Sponsored: Comprehensive Cybersecurity for Maintaining Tactical and Strategic Naval Dominance
A delayed focus on IT modernization could create a gap between frequent high-impact cyber breaches and the U.S. Department of the Navy’s preparedness to address them. From the SolarWinds hack to ransomware, new cyber threats emerge almost weekly. Advances in technology to help defend against such threats occur so quickly that current acquisition and infrastructure programs cannot keep pace.
The good news is the Navy recognizes the urgency to secure cyberspace, as it can be a continual and dynamic battle space. The Navy’s Information Superiority Vision tasks the Navy and Marine Corps with the mission to “build a more agile, innovative naval digital warfighting platform our leaders can leverage anytime and anywhere.” While the vision is simple—Modernize, Innovate and Defend—securely transforming the antiquated network is no easy feat.
The Next Generation Enterprise Network Recompete (NGEN-R) Service Management, Integration and Transport (SMIT) contract supports modernization plans and mandate integration with existing network infrastructure and tools, while creating a broader migration path over time.
SMIT Migration Requires Broad-Scale Security
Given the Navy’s vast network footprint, security must span multiple enterprise components, from cloud-based software-as-a-service (SaaS) solutions and end user device protection to DevSecOps-based software factories and growing remote workforce requirements. There are multiple dimensions to these security requirements. Outlined below are four recommended starting points based on the current Navy Information Superiority Vision strategies and efforts including:
- Zero-Trust Architecture (ZTA): Rooted in the principle “never trust, always verify,” Zero Trust is a critical element of a security platform approach. Enabled by building a correct and solid foundation, ZTA is an architectural journey over time, not a point product. A proper ZTA is designed to protect modern digital environments by leveraging network segmentation, preventing lateral movement, providing Layer 7 threat prevention and simplifying granular user access control. The National Security Agency (NSA) recommends embracing a Zero-Trust security model and mindset to better secure sensitive data, systems and services. The Defense Information Systems Agency (DISA) and the NSA also recently published a Zero Trust Reference Architecture as a foundational guideline for next-generation cybersecurity.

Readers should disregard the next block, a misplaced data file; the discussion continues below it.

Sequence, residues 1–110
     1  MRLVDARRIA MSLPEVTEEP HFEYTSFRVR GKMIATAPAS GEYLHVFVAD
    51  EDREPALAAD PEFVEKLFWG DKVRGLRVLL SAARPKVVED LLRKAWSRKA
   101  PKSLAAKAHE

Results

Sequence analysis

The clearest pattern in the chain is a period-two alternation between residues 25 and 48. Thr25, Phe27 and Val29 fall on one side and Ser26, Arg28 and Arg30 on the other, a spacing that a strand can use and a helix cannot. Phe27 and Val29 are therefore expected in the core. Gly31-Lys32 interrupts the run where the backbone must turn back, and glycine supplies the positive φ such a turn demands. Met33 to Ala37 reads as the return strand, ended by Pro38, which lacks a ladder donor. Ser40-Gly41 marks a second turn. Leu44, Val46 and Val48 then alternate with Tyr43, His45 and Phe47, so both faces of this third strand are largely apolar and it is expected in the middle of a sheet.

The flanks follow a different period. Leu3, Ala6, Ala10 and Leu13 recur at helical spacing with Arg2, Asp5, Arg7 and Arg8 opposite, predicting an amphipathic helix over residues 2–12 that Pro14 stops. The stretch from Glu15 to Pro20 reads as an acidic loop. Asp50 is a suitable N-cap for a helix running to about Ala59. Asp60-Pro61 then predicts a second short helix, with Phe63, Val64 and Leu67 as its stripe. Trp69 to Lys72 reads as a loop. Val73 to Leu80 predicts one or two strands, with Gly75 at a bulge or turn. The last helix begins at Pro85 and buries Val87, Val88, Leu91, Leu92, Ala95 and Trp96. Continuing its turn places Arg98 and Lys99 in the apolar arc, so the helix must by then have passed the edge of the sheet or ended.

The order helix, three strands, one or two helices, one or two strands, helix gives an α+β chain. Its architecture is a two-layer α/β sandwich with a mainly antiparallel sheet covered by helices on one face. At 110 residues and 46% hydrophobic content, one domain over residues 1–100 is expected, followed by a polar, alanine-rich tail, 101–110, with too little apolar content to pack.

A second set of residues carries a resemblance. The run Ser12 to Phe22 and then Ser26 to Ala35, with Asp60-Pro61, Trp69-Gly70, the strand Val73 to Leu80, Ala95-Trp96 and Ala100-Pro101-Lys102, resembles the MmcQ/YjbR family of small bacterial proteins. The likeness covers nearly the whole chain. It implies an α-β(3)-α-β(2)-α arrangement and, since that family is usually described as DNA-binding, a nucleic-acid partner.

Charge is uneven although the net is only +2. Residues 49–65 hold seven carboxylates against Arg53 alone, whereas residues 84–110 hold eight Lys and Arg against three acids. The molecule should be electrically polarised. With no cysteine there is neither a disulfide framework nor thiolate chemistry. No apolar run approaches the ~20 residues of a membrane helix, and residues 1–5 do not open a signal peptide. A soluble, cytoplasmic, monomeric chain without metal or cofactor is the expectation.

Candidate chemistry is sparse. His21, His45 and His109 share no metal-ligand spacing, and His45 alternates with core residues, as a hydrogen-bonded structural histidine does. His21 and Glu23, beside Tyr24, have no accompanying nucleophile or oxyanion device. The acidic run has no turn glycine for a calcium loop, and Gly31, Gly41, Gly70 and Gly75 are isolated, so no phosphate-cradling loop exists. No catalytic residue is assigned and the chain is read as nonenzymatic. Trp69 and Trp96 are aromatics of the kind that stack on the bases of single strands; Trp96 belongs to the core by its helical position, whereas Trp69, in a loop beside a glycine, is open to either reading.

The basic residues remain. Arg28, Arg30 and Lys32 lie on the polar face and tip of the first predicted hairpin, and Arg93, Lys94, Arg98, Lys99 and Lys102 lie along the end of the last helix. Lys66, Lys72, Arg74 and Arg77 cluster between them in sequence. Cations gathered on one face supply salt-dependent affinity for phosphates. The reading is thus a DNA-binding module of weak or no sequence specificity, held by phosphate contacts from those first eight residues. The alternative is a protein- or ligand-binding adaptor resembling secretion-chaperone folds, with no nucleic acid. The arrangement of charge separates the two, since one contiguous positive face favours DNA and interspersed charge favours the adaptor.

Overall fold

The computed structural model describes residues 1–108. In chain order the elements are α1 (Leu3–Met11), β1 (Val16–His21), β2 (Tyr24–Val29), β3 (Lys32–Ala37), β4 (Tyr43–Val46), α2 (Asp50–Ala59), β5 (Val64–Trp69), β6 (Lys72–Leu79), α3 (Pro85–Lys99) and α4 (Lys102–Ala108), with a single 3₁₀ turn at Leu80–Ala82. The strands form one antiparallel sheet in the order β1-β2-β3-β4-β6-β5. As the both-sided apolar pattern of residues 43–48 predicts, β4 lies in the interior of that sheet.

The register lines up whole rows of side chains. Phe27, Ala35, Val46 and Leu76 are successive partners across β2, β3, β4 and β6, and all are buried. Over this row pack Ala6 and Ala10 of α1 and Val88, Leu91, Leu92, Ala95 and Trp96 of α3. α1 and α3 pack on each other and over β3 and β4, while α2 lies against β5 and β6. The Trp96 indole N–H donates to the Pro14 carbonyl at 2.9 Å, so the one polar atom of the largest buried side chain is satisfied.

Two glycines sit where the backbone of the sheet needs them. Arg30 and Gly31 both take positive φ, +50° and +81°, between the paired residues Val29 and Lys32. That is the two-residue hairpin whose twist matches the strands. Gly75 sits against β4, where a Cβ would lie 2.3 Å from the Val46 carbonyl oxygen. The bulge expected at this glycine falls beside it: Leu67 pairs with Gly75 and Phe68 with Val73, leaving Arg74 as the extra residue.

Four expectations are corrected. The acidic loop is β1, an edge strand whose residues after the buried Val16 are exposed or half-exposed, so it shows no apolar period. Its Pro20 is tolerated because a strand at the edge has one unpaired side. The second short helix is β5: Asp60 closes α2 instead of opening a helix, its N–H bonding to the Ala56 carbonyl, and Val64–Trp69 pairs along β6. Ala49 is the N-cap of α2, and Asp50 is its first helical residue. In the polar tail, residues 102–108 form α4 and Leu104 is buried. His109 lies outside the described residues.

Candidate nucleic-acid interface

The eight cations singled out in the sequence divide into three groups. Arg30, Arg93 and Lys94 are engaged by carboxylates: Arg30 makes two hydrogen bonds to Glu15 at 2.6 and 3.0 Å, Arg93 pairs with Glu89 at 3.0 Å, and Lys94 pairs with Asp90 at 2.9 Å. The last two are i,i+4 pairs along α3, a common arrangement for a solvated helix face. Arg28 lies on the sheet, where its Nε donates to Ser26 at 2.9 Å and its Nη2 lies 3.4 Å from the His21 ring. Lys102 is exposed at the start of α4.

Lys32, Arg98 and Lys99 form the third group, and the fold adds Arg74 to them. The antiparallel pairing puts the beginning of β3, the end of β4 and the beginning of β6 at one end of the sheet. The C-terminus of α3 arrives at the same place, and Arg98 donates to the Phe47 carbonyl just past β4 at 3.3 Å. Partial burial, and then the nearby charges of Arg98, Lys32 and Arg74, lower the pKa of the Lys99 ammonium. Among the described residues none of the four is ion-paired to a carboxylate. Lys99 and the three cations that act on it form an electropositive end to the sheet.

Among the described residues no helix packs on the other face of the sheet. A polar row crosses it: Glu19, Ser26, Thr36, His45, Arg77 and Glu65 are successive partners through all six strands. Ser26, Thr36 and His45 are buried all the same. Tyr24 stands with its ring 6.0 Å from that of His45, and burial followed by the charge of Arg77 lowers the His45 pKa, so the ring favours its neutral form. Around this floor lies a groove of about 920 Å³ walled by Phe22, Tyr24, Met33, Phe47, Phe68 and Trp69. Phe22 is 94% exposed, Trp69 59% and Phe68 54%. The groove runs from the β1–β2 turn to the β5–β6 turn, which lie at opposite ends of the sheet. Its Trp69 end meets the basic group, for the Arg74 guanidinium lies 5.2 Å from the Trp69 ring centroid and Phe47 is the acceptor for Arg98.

- Securing end-user compute: Endpoint security is a hot topic for the defense community, with DISA and other cross-DoD leaders emphasizing the need to share policy and operational strategies for endpoint modernization. SMIT will require an overall security strategy that includes machine learning (ML) and behavioral analytics for continuous monitoring of endpoint devices. It will also require that chosen vendors are stable and can ensure long-term viability of product offerings through ongoing research and development.
- Securing cloud access: Disruption caused by the COVID pandemic prompted more users to work remotely, straining the Navy’s cloud infrastructure and derailing the “decentralized” commercial cloud adoption approach the Navy settled on less than three years ago. The Navy now wants better visibility of its network and how its services are being used, as per its Operation Flank Speed, which is an effort to better secure cloud-based collaboration to include access, data and assets.
- Cloud and SaaS security: SaaS and cloud applications are transforming workflows in the DoD and federal environments. Danielle Metz, deputy CIO for the Information Enterprise at the DoD, recently noted the criticality of digital modernization to the National Defense Strategy. SaaS and cloud are vital components of that modernization, but as their adoption progresses within the Navy and across components, they cannot become conduits for data exfiltration or an additional attack surface. The Navy must accelerate speed to capability by driving Forge efforts across program executive offices (PEOs) for DevSecOps to decouple software and hardware. That important step toward modernization requires secure development efforts based on strong cyber hygiene.
Unmatched Capabilities for the Breadth of SMIT Requirements
Protecting the Navy’s highly complex network environment calls for an integrated platform that applies sophisticated automation capabilities built on artificial intelligence (AI) and ML. Palo Alto Networks’ holistic platform approach expands the traditional view of security to meet the breadth and depth of those requirements.
Each of Palo Alto Networks’ platform components could help enable the Navy to operate at the speed of modern technology advances. Palo Alto Networks enables integration of a broad range of tools, including networking infrastructure, identity management (IdAM/ICAM), enterprise endpoint management and others in which the Navy has already invested. By delivering a fully integrated system, Palo Alto Networks allows insights from one tool to be disseminated to and acted upon by all, helping to ensure a full cybersecurity posture greater than the sum of the individual parts.
Palo Alto Networks stands ready to support the Navy in achieving its Information Superiority Vision: to modernize, innovate and defend. We are proud to be a leader in cybersecurity , delivering cutting-edge solutions to strengthen security posture, reduce costs, and increase efficiency for the cloud, endpoints and the network.
To learn more about how Palo Alto Networks is ready to secure Navy enterprise modernization, please visit https://www.paloaltonetworks.com/us-federal.